Nurture Authentic Food Media Relationships

Certain relationship-based PR methods are still the cornerstone of good food PR practices. But it’s time to start blending the old and the new. Employ new techniques and software that are more efficient with the valuable, traditional approach to building relationships. For example, media databases like Cision offer access to media contacts within minutes. But with the advancement of technology comes a decline in organic relationships. The time and effort once needed to find and nurture a contact can almost be entirely bypassed. This can be a double-edged sword. The goal is to blend these tactics while maintaining a relationship with your editor and catering the pitch to their unique style and needs.

There’s a delicate balance between meeting the demand for tight deadlines and providing quality content through personalized communication. An organization that recognizes this well is the International Foodservice Editorial Council (IFEC). The council not only holds a conference and mixers throughout the year but also created a Story Request system that emails members every time an editor is looking for resources. It is an extremely practical and efficient system also allowing opportunities for relationship building.

Empower Your Teams to Say “No” When It’s Right

In Public Relations you can always do more. More events, more free samples, more calls, and emails. But, as the old adage dictates, more isn’t always more. Food PR is certainly no exception. One of the best skillsets you can encourage is the ability to say no – to the right things, that is.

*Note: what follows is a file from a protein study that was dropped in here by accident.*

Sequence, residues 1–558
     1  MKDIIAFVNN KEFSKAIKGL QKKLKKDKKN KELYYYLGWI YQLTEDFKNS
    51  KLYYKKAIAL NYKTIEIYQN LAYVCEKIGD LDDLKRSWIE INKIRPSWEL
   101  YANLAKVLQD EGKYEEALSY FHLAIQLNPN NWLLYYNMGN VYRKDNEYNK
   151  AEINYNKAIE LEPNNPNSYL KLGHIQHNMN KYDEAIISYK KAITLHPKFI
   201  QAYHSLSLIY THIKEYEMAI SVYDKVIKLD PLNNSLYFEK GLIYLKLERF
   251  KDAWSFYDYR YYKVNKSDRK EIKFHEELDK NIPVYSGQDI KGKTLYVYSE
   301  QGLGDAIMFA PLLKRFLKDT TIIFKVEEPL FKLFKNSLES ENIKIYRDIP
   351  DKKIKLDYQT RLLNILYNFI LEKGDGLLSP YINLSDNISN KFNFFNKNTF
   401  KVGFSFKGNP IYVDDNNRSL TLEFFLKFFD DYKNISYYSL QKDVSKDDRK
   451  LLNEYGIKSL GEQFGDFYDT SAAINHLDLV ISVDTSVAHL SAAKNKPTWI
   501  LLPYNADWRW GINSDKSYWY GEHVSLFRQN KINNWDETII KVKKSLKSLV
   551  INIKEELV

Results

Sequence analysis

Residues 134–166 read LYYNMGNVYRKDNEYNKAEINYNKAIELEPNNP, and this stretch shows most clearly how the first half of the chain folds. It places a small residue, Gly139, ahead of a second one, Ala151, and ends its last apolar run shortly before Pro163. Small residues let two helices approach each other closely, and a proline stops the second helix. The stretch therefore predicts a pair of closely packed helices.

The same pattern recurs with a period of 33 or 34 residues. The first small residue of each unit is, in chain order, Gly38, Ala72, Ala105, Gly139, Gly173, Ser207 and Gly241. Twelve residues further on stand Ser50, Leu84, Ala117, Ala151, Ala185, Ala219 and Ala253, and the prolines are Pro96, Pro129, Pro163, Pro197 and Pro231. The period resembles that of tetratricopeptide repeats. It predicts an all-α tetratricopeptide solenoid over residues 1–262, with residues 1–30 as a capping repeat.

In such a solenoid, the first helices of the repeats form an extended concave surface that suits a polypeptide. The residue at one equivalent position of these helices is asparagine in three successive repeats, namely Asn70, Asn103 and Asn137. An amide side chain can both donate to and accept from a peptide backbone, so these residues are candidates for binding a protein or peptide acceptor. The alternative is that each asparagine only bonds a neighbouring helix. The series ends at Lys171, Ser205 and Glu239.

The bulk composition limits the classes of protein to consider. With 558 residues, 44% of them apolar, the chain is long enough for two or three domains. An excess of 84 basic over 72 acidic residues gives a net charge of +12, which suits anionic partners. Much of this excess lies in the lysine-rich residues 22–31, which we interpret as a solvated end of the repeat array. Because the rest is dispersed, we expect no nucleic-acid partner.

The ultimate role of PR is to safeguard a business’ valuation by positively influencing the reputation, perception, and influence of the company in the marketplace. This begs the question, is your food PR work delivering upon this promise? Stack the deck in your favor by focusing your team on the right things.

To accomplish this, bring your Food PR team into the fold much earlier in the planning process. Improve your investment by providing your team or food PR agency with your long-term plan and invite them into pre-season budgeting meetings. This gives them time to devise a proactive, strategic plan, avoiding the reactive rut in which many PR teams find themselves. In return, you’ll elevate your PR from generating noise to placements servicing the brand vision and influencing valuation.

Food PR Continues to Evolve

Just as journalism has evolved over time, so, too, has the process of capturing editorial coverage for your food brand. While traditional PR approaches still provide a strong foundation for media relationships, technology has pushed former pitching practices aside making room for more modern methods and systems. (Remember Bacon’s Media Directory?)

Make no mistake, PR continues to play a fundamental role in sharing story ideas and shaping editorial content. It is just as important, if not more valuable, than ever before. Keeping your team organized and up-to-date will prove invaluable. Invest in the necessary technology and time, having content on hand to dish out at a moment’s notice. Encourage your teams to foster authentic relationships. When they know an editor’s angle and how your brand story seamlessly fits in, they will create highly targeted pitches that deliver impact.

Taylor DeVries PR Senior Account Executive EvansHardy+Young
Taylor DeVries, PR Sr Account Executive

Growing up on a farm with macadamia nuts and various tropical fruits, Taylor truly knows the ins and outs of farm-to-table. She currently works on the National Honey Board and California Walnut accounts.